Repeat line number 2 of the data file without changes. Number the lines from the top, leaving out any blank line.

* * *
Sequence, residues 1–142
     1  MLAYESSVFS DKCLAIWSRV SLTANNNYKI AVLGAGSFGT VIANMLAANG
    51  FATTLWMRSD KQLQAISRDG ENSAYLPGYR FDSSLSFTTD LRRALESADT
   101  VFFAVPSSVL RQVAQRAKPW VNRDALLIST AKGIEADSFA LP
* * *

     1  MLAYESSVFS DKCLAIWSRV SLTANNNYKI AVLGAGSFGT VIANMLAANG